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$35,000 for wetland resilience investigation – BayTrust

TAURANGA, 16 February 2024: Research is underway to determine how salt marshes and mangroves could protect Bay of Plenty’s coastline from climate change – and how a ‘resilience credit’ could be bought and sold in future to encourage wetland restoration.

The project at Waihī Estuary is being led by The Nature Conservancy Aotearoa New Zealand (TNC NZ), the local arm of a global non-profit organisation that is developing a methodology to measure the resilience benefits of coastal wetlands and gather data on blue carbon (the carbon stored in coastal and marine ecosystems).

TNC NZ’s Nature-based Solutions Project Manager, Olya Albot, says the ultimate goal is to develop the world’s first ‘resilience credit’, similar to a carbon credit, that encourages action to restore wetlands, and could also be traded to help offset an organisation or individual’s carbon footprint and help local communities fund climate change adaptation.

“We’re investigating coastal resilience because these environments are becoming more exposed to the impacts of climate change, such as increased storm surge, cyclones and sea level rise in the long-term. Coastal land is becoming more vulnerable as time goes on,” Albot explains.

Potentially, money earned from trading resilience and/or blue carbon credits in a possible future international market could then be put towards creating or restoring more wetlands, enabling Kiwi landowners to move economic activities away from vulnerable land, earn ongoing income, and protect coastal sites from climate change.

The blue carbon coastal resilience mapping project will receive $35,000 from BayTrust to help quantify what impact wetlands could have on flooding and storm surges near Waihī Estuary. Two-dimensional hydrological models are being used to investigate how water would potentially flow over the area with or without salt marshes and mangroves. “We’re trying to quantify exactly how much water wetlands could hold back in the event of a storm surge, as well as how many hectares of land, how many people, and the value of infrastructure that could be protected by wetlands,” she says.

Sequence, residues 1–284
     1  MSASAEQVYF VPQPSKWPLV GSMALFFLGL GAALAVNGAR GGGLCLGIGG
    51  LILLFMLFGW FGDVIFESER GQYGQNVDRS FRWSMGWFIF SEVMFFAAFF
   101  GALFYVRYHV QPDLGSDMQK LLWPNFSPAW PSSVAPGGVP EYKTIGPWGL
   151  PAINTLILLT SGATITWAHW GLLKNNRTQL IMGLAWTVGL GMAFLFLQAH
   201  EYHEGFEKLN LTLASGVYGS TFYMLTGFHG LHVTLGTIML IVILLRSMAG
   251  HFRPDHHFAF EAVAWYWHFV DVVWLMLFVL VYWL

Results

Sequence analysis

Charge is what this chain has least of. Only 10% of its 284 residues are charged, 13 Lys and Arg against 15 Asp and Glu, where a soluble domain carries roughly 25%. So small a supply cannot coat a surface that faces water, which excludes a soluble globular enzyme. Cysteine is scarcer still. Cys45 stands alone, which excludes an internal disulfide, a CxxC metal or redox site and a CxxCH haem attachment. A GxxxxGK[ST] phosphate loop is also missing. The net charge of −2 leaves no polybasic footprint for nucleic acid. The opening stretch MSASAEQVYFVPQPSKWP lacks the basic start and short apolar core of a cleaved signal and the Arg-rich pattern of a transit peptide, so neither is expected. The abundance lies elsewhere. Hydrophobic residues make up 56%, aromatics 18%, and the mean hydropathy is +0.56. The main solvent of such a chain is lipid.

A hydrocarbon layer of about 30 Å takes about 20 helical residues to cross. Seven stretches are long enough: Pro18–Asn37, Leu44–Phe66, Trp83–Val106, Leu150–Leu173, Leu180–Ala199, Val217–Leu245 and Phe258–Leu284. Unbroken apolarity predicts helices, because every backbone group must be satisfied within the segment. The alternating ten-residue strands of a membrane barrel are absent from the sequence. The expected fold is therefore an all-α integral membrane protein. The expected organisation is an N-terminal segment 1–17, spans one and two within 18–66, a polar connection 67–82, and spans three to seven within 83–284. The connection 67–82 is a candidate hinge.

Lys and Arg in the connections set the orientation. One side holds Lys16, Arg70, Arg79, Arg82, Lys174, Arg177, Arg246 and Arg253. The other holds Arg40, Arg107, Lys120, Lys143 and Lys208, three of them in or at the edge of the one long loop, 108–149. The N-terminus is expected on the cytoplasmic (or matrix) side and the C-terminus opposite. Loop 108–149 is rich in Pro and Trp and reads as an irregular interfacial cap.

The research is being carried out on a 30ha site of low-lying farmland which is jointly owned by Toi Moana Bay of Plenty Regional Council and iwi collective Te Wahapū o Waihī. Their aim is to improve the ecological health of Waihī Estuary by redeveloping the wetland area to treat agricultural drainage water from adjacent dairy farms, as well as improve indigenous wetland habitat and biodiversity.

Albot says Bay of Plenty is an ideal case study environment because there is almost 4000ha of land that sits below the mean high water spring inundation levels – meaning there’s lots of land suitable for wetland restoration.

“We are extremely grateful to BayTrust for their support which will help us achieve this coastal resilience modelling and communicate to Bay of Plenty communities what the coastal resilience benefits of these wetland restoration projects might be in the future.”

BayTrust CEO Alastair Rhodes says the organisation supported TNC NZ a few years ago with a grant to carry out their initial pre-feasibility assessment. “We’re excited to continue this journey alongside TNC NZ who are now gathering hard data at Waihī Estuary.

“In New Zealand over 90% of freshwater and coastal wetlands have been degraded and drained due to urban expansion and conversion to agriculture. Restoring wetlands will benefit people, the climate, biodiversity, and provide positive social and cultural outcomes as well, so we’re pleased to support this vital research.

“The potential for companies or individuals being able to buy and sell resilience and blue carbon credits is an exciting prospect, and this research will support the possible establishment of a robust international trading market in this space.”

TNC NZ is also working with the Ministry for the Environment to assess the legal, policy and market considerations required to establish a national blue carbon credit scheme focussed on coastal wetlands.

 

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